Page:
"White mold is terrible," said Bob Marquette, Federated agronomist at the Albertville location, adding, "It's a big problem, and though it depends on the season, Federated saw a lot of it last year."
Unlike many yield-robbing pests and diseases, white mold can't be treated. It must be stopped before it starts. Sclerotinia stem rot - white mold - can affect high-yield-potential soybeans and it thrives under moist conditions and below average temperatures. Several other factors create the ideal environment for white mold to grow:
- a dense canopy of soybeans;
- susceptible soybean varieties (some are more vulnerable than others);
- a field history of white mold.
While no variety of soybeans is completely tolerant of white mold, the fluffy cottony growth on the outside of pods can be prevented with crop management that includes the following strategies.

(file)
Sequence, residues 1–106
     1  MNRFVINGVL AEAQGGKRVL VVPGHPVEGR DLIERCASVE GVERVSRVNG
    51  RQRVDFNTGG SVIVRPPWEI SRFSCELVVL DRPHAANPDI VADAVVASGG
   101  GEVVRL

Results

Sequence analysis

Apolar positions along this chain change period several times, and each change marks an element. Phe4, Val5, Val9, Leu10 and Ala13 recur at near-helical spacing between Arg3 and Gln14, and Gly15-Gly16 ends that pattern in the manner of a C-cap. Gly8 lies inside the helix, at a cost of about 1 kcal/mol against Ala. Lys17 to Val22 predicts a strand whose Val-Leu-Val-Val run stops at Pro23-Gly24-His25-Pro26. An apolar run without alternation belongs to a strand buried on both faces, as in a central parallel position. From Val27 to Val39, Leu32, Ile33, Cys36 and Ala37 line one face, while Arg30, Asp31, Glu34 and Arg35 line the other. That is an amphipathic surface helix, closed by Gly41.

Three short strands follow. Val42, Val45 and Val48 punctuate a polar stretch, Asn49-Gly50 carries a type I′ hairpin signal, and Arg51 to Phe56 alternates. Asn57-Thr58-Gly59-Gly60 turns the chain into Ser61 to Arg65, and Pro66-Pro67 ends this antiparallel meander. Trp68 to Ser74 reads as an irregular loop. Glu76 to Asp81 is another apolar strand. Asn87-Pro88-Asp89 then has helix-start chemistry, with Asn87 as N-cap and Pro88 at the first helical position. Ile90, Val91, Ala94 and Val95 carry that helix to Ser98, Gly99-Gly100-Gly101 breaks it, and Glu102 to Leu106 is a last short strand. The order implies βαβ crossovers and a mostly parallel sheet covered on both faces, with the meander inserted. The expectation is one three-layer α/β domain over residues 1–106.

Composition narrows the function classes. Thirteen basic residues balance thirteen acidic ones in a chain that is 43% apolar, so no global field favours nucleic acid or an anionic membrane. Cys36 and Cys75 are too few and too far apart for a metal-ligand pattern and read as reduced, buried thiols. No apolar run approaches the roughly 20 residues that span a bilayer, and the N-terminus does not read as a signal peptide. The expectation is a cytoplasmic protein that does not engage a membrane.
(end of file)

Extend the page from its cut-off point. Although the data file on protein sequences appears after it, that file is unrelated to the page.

- Consistently rotate between corn and soybeans (but if white mold is present, it is necessary to keep a field out of beans for three to four years, until the sclerotia dies).
- Avoid dense canopies with wider row spacing ("Lower populations will help," said Marquette).
- Control weeds; lambsquarter, velvetleaf, ragweed, and Canada thistle, for example, are hosts for white mold.
- Apply preventive treatments (such as Aproach - see article below); fungicides can be added to many planned herbicide treatments.
Marquette described sclerotia as small black structures that resemble mouse droppings. "If you slice the stem [of a soybean plant] open, these will be found inside."
It is important to apply fungicides at the right time. Talk to your Federated Agronomist for more info on white mold before it robs yield in your soybean crop.